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July 04, 2018

Social and ethical implications of use of AI in health care

Writing about web page https://warwick.ac.uk/fac/med/research/hscience/sssh/research/lyncs/

In this blog I consider some of the social and ethical implications of the use of AI for algorithm driven clinical decision-making.

Developments in AI for health seem to challenge the role of and even need for health practitioners.

In the medium term, at least in the UK, society seems to require AI and clinicians to work together. There is a growing consensus that for a decision such as a health decision, where the implications for the individual are considerable, the individual should be informed that the decision is being made using AI and have the right to request that the decision is not made by AI1 2. If a decision is made using AI they should have the right to ask for the decision to be reconsidered1 2. It is not yet clear where responsibility lies for the consequences of advice given directly to the patient based on AI3, and there is a deman for the AI algorithms to be explainable4.

If part of the work of a clinician undertaken by AI, there is a question of how they maintain their expertise5 inorder to take responsibility for decisions and to provide a second opinion when requested. Further, the clinicians need to understand AI in order to be able to explain the decision-making to their patients.

Low and middle income countries (LMIC) do not have the health parctitioner workforce capacity that high income countries enjoy but most of them have good digital infrastructure – far better than water or roads. There is potential for AI to be rapidly taken up in LMIC to keep healthcare cost down whist providing improved services. In this scenario the lack of human capacity in the system might mean the decision-making process is not explained to patients and there is no second opinion available.

1. House of Lords Select Committee on Artificial Intelligence. AI in the UK: ready, willing and able?, 2018.

2. The Alan Turing Institute. The GDPR and Beyond: Elizabeth Denham, UK Information Commissioner, 2018.

3. Floridi L, Taddeo M. What is data ethics?: The Royal Society, 2016.

4. Information Commissioner’s Office. Information Rights Strategic Plan 2017-2021

5. Yang G-Z, Bellingham J, Dupont PE, et al. The grand challenges of Science Robotics. Science Robotics 2018;3(14):eaar7650.


April 10, 2018

Digital communication between patient and clinical team forms basis for Artificial Intelligence

Writing about web page https://warwick.ac.uk/fac/med/research/hscience/sssh/research/lyncs/

People with a health condition have long stretches of time between encounters with their healthcare team when they get on with living with their condition. People experience change in their condition, treatment effects and side effects mostly on their own - without engagement with their healthcare team. They have to interpret what they experience themselves. One of the most memorable comments a patient made to me as a young doctor was:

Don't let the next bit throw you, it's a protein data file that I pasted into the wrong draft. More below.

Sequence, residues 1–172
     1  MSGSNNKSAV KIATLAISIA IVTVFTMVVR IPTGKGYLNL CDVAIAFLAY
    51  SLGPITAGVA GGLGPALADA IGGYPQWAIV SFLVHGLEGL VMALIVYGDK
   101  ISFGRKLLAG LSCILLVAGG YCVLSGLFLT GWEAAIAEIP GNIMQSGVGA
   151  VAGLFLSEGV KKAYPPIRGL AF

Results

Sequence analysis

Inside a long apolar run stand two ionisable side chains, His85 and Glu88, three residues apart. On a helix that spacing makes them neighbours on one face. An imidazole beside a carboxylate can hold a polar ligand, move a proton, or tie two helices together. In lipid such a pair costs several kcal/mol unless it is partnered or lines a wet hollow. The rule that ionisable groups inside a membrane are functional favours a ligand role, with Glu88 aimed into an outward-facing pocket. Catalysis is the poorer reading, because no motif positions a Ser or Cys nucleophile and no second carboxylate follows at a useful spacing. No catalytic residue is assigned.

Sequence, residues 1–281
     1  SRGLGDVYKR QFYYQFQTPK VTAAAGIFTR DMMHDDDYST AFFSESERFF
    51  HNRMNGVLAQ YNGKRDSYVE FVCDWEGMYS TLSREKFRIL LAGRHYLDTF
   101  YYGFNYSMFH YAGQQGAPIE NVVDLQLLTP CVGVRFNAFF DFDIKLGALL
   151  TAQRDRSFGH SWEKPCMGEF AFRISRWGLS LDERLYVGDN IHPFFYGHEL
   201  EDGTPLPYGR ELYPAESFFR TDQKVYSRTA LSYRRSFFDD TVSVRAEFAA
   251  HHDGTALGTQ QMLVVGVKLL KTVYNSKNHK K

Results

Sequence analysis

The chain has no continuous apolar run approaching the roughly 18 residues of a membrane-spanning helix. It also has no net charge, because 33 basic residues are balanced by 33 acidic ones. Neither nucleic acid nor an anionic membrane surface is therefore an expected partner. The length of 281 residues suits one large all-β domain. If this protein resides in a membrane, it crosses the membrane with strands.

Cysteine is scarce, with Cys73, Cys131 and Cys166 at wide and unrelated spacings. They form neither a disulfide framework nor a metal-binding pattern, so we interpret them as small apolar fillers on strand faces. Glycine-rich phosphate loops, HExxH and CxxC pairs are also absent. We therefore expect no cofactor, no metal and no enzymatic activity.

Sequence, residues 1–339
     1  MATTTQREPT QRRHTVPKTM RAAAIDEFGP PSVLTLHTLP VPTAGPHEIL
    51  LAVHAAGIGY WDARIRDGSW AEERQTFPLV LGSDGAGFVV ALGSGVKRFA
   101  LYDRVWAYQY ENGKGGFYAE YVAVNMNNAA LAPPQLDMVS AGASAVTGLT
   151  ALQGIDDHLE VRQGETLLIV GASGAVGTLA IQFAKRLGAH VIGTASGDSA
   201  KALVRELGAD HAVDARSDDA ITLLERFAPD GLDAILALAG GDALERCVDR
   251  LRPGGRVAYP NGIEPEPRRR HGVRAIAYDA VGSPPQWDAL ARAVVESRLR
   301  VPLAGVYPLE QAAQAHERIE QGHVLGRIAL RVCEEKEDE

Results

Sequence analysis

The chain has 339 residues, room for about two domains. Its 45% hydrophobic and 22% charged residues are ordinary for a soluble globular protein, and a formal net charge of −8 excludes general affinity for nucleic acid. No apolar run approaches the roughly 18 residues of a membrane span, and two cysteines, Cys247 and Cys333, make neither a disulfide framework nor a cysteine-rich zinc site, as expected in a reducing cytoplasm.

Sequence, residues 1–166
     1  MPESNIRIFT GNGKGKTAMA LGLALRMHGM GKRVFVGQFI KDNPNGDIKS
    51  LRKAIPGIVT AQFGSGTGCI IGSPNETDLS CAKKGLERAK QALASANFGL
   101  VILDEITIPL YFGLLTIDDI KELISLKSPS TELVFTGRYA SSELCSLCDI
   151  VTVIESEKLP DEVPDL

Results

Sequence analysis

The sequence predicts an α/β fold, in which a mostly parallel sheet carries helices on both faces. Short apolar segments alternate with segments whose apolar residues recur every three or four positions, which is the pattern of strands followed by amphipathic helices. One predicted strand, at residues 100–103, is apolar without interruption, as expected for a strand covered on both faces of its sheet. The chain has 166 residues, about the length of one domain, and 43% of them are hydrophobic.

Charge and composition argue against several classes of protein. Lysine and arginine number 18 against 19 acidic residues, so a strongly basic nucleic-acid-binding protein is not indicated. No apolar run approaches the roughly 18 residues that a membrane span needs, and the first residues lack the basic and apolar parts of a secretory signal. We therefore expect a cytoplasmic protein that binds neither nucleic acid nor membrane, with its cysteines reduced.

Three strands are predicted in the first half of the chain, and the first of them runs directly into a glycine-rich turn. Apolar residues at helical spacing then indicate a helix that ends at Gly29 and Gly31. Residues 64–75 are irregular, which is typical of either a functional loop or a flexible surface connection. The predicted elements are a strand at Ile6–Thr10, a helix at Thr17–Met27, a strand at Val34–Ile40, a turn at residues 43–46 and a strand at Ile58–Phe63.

Going home with a prescription for a new treatment can feel very lonley.

Accessible information and explination makes a difference, but even where we have good evidence about a condition and its treatment we still only know what usuallyy happens most of the time. We cannot predict exactly what will happen to one particular patient1.

In our study of young people living with longterm conditions (the LYNC study)2 it was at times of change - new treatments or worsening symptoms or new life experiences such as going to univeristy - that young people most appreciated and benefited from digital access to their healthcare team. They were able to text, email or phone about what they were experiencing and receive interpretation, reassurance and guidance.

Communication via digital channels is easily recorded and stored. By enabling patients, between routine appointments, to digitally contact their clinical team we can build datasets of their concerns and the team's responses. This can be used as the training dataset for a chatbot based on artificial intelligence (AI), working alongside the clinical team. Initially the chatbot might have sufficient data to learn how to respond to common questions, for example, how to take a medication. As the dataset grows, the AI algorithm can learn how to respond to more complex clinical questions. By linking with patient records, responses can be tailored to individual patients. The AI chatbot can also learn from what happens to patients and does not forget. In theory an AI chatbot could become as good or even better than a clinician, although there would still remain uncertainty.

Clinician and chatbot working together could be quite a team and counter each other's cognitive biases.

This type of development can begin right now but there are ethical and social implications that need our attention.

1. Gorovitz S and McIntyre A. Towards a Theory of Medical Falibility. The Journal of Medicine and Philosophy. 1976:1(1):51-71

2. Griffiths F, Bryce C, Cave J et al. Timely digital patient-clinician communication in specialist clincal services for young people: a mixed-methods study (The LYNC Study). Journal of Medical Internet Research. 2017;19(4):e102


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